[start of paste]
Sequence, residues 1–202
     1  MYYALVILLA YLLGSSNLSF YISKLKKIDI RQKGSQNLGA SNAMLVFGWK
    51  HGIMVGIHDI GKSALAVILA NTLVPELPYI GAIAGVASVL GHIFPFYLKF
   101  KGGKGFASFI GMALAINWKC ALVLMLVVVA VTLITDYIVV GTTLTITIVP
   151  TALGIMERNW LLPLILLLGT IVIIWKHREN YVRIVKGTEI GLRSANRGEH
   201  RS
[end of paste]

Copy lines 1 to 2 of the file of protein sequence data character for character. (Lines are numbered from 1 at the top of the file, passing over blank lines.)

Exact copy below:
Sequence, residues 1–202
     1  MYYALVILLA YLLGSSNLSF YISKLKKIDI RQKGSQNLGA SNAMLVFGWK